It was not Death for I Stood Up Analysis by Emily Dickinson

About the author: The American poet Emily Elizabeth Dickinson was born on December 10, 1830. She is considered as the most important American poet of the 19th century along with Walt Whitman. Dickinson was born in Amherst, Massachusetts. Although she was from a prominent family with strong ties to its community, Dickinson lived much of her life in reclusive isolation. She studied at the Amherst Academy for seven years in her youth, next she went to Mount Holyoke Female Seminary before returning to her family’s house in Amherst. She never married, and most friendships between her and others depended entirely upon correspondence. She had written almost 1800 poems, of which a few dozen was published during her lifetime. She was an unconventional poet, but most of her works were altered by her publishers to fit it in the conventional poetic rules of the time. Her poems were unique for her era, and much ahead of her time; they contained short lines, typically lacked titles, and often use slant rhyme as well as unconventional capitalization and punctuation.

Poetic devices in It was not Death for I Stood Up

METAPHOR: Line 7: “marble” is a metaphor for cold.

Line 24: “midnight” is a metaphor for the chaos in life.

Line 23: “key” is a metaphor for some kind of life support.

Line 25: “ticked” refers to movement.

PERSONIFICATION: Line 4: the bell has been personified.

It was not Death for I Stood Up Summary

The poem starts with the elimination of the factors that has not affected the speaker. The poem comprises of seven short stanzas.  Stanza one and two are completely devoted to pointing out what her condition is not. The poet has used very sleek, sharp and pristine detailing to give the readers a clear picture, thereby perfectly setting the mood of the poem.  Clearly, it was not death as she was able to stand. It was not even the night since she could hear the church bells which rang at noon.  Dickinson continues into the next stanza with the same tone. “Siroccos” refers to a hot and dry wind that blows from North Africa across the Mediterranean to Southern Europe. Even “frost” is taken off the list as she can feel the warmth of her body. She makes it clear that it is not even the heat of the fire, as her feet were cold enough to cool a chance. In the next line, the poet states that her situation has all the traits that she counted out in the first two stanzas. Her condition reminded her of a corpse lined up for burial. Her life is equivalent to a metaphorical coffin and has been stripped off of all joy and happiness. There is a sense of suffocation in her condition, hence the mention of the coffin. At midnight this feeling is enhanced as the human activities come to rest. Quite evidently the poet’s mind is in chaos; her thoughts are all haphazard. There is no hint of any possibility of her condition improving and no spar to stabilize herself with. Her hopelessness is so complete in itself that she has become completely numb. The poem ends with a sense of defeat where the poet accepts her condition, as there is no hint of a better future.

It was not Death for I Stood Up Analysis

The poem reflects the sadness in Dickinson’s life. Her biography is a proof that she was no stranger to loss and pain. Hence many of her poems explore the nature of death, darkness, so on. She had spent most of her life in seclusion which gave her time to reflect on human life and death, of course, is a major part of it. The first two stanzas present us with some potent images. The images are contradictory; she felt like a corpse but she felt the warmth of her body; she felt the warmth of her body but her feet were stone cold; hence at the very onset of the poem we become familiar with the chaotic state of mind of the poet. She draws few gloomy and morbid pictures of corpse lined up for burial; she feels lifeless and lost. She provides the reader with a better example to study her situation. The ground is like a beating heart which gives rise to trees. During autumn the trees start shedding their leaves and during winter there is almost negligible growth. It is as if the winter and autumn try to repel the life force of the soil. Dickinson identifies herself with the winter and autumn morning, trying to repel her desire to go on. However, in the last stanza, the poet provides a comparison which she thinks is the most appropriate. Her condition is a total chaos. It is unstoppable and disappointing at the same time. It hardly offers or guarantees her any kind of stability. The last two lines are almost like a cry of a helpless soul, where the poet is in a sea of confusion, not sure what to do. She sees no possibility of a better future, she sees no hope, and she feels numb and is unable to “justify despair”. Hence she gives into the situation and helplessly accepts her fate.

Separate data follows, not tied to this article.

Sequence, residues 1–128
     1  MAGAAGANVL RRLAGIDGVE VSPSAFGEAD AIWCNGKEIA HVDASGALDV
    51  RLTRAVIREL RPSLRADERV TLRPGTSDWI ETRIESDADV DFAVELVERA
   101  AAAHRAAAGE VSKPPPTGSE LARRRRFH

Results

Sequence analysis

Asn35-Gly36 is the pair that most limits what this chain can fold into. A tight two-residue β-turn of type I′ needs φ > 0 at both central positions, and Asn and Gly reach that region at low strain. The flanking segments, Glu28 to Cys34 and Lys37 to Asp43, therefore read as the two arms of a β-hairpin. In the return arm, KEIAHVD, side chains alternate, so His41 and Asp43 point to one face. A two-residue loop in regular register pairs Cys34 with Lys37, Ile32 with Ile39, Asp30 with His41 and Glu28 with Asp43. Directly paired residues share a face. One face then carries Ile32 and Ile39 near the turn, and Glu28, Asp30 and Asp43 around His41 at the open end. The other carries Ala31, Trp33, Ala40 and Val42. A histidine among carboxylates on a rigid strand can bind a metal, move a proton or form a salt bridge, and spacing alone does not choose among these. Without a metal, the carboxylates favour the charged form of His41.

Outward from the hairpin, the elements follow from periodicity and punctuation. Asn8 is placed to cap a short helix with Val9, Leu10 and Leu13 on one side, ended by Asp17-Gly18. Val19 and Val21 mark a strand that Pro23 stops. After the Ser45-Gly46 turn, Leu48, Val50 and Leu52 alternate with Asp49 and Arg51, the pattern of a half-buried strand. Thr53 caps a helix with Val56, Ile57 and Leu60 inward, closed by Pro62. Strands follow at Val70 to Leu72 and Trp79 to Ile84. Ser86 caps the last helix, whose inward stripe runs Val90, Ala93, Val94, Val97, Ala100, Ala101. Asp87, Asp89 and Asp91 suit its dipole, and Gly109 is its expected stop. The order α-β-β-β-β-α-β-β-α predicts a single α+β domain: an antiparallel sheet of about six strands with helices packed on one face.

Tone of the poem: The tone of the poem is melancholic; it is the cry of a depressed and helpless soul, who has realized that there is no way out of the situation; as the chaos in her mind doesn’t even allow her to judge her situation. Dickinson is recreating a state of hopelessness that probably she had experienced in her life (keeping in mind her biography).

Conclusion: The poem looks like a page from a poet’s diary narrating the account of the feelings of a very depressing day. She has successfully created a state of a depression so profound that a psychologist might diagnose it as clinical depression. The speaker thought tries to but fails to define her situation; her chaotic mind doesn’t allow her to do that.

Abhishek is a marketing research and social media consultant who developed a keen interest in blogging. He can be contacted at

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